Also of note is Quontic Bank ($480M), recapitalized in 2009, and completely transformed by CEO Steve Schnall into a prominent nationwide wholesale mortgage operation, with a niche in non-qualified mortgages. They have further rebranded themselves as an “Adaptive Digital Bank” with an inventive, tech-focused agenda, led by Chief Innovation Officer, Patrick Sells, 29. Some of Quontic’s investments have been highly innovative. Later this year, the bank plans to introduce a contactless payment ring. This will complement New York’s new contactless terminal technologies, giving COVID-shellshocked customers another reason to bank with Quontic. “There’s innovation for the sake of innovation, and then there’s innovation that actually helps the business move forward. Some ideas can’t go forward and need to die,” Sells observes. A key to Quontic’s ability to take innovation risk is process. “We have a process and a document that we fill out on every innovation we want to undertake, which serves as the memo people have to sign off on and say, ‘This makes sense to pursue.’”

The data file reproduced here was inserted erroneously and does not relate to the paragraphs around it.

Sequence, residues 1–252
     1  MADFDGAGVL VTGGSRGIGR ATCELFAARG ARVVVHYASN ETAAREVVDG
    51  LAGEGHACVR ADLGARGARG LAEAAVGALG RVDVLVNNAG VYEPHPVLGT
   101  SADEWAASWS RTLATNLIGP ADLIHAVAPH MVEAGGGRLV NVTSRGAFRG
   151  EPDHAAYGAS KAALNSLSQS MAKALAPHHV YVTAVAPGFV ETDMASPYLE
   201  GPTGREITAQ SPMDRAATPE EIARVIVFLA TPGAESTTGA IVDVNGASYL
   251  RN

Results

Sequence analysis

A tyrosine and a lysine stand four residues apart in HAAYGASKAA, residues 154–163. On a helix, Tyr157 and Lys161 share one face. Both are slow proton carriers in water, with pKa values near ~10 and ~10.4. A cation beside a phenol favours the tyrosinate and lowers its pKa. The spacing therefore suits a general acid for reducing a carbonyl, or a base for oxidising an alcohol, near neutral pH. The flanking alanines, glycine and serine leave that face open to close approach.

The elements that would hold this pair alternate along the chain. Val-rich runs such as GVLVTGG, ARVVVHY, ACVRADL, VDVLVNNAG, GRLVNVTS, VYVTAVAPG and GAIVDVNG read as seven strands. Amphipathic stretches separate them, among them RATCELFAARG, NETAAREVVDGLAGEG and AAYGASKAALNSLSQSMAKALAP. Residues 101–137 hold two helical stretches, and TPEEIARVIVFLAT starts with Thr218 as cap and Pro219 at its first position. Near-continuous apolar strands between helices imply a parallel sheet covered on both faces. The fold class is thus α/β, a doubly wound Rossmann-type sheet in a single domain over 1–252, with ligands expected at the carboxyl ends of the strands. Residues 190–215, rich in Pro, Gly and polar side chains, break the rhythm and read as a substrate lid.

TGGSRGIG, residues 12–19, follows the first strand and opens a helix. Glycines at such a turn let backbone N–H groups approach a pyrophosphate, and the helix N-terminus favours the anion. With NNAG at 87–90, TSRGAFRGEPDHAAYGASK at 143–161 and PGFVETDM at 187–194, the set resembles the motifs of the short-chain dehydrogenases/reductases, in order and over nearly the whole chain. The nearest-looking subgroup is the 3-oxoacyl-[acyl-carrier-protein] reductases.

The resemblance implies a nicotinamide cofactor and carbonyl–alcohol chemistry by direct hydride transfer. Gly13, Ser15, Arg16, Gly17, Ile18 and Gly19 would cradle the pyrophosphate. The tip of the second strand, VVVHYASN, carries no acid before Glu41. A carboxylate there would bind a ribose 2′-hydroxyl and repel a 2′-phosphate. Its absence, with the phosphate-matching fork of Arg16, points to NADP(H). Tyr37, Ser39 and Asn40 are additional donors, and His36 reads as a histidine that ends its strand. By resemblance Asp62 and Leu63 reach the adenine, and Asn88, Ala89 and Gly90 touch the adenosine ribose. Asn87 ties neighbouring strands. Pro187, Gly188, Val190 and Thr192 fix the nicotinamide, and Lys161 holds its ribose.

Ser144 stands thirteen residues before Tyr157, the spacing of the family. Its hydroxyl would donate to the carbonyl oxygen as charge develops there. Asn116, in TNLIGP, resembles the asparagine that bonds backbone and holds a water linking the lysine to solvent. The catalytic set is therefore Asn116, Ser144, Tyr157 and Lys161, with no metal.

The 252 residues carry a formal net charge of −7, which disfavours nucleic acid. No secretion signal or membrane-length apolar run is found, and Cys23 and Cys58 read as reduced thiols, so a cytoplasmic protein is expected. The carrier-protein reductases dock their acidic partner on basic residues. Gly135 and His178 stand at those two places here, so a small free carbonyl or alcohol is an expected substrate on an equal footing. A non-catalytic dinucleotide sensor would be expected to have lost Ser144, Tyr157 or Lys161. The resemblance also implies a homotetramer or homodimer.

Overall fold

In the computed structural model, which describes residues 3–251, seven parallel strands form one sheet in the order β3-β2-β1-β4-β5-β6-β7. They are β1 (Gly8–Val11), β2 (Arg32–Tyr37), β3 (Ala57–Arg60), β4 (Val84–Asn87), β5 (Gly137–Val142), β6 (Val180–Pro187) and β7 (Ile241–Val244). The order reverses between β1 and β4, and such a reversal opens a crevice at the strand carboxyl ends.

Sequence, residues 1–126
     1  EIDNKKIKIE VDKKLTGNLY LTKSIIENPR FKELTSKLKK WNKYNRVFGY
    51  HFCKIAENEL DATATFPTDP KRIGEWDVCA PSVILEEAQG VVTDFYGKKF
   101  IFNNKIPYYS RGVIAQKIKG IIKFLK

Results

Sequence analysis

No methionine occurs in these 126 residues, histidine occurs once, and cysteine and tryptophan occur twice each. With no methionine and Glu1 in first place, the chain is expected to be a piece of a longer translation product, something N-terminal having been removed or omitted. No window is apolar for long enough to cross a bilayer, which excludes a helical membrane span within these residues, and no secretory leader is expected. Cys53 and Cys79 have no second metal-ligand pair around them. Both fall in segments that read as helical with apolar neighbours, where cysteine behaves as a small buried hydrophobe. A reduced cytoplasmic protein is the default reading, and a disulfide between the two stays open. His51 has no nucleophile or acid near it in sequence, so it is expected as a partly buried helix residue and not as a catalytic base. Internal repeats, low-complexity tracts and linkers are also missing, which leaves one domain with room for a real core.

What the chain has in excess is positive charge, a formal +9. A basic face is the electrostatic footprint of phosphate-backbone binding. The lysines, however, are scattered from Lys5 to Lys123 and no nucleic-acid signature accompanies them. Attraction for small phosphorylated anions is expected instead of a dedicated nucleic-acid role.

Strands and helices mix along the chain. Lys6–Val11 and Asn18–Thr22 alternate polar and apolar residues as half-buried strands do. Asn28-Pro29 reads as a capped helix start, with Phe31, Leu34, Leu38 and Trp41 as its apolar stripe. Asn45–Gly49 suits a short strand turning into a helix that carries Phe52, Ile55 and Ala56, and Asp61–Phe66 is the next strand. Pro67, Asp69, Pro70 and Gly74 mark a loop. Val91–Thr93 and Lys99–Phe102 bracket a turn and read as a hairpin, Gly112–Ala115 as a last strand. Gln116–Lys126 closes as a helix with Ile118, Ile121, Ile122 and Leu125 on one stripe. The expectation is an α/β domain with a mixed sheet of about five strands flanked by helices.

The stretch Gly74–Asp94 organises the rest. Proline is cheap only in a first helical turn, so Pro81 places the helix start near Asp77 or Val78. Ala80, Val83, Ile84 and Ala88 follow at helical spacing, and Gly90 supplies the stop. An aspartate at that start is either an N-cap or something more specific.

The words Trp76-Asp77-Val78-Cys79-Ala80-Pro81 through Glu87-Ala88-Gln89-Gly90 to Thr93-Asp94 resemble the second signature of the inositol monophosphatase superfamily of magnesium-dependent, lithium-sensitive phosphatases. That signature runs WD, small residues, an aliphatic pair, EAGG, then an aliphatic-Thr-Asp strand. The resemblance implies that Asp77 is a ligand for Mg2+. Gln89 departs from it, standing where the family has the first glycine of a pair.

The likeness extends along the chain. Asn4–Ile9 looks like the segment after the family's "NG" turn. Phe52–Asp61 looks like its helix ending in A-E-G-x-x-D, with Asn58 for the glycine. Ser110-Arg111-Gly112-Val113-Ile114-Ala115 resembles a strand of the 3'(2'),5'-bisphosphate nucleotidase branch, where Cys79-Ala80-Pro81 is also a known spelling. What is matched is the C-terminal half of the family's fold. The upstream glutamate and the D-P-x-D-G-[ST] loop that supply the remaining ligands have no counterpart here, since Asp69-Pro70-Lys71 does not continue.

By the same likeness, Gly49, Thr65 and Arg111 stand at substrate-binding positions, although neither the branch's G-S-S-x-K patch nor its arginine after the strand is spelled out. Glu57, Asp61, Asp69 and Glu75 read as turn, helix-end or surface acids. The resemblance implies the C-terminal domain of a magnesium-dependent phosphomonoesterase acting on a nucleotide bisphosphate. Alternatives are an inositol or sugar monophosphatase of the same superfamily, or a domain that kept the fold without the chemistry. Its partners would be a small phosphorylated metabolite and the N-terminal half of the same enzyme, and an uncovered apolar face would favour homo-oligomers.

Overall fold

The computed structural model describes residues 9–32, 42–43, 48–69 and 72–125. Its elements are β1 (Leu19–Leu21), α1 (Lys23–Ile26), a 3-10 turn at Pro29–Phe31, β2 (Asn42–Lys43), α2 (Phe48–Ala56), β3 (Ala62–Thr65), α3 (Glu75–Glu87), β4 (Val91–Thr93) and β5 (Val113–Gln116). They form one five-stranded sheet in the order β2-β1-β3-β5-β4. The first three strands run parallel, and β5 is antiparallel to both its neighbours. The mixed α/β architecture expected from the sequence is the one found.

Others have taken notice. Sells receives daily phone calls from banks asking for advice. “We are uniquely positioned because we were a traditional bank that transitioned to digital. And there’s a lot of interest in figuring out how to do it.” Sells believes that there will be demand among community banks for talented professionals with digital banking transformation experience. He has also left the door open for Quontic to play a B2B role, helping other banks to identify and develop digital solutions. “There’s a role for us, though we haven’t moved aggressively on it,” he states. “It’s happening organically. We’ve built a reputation, and banks are reaching out to us. There’s a market there, with market share we can capture.”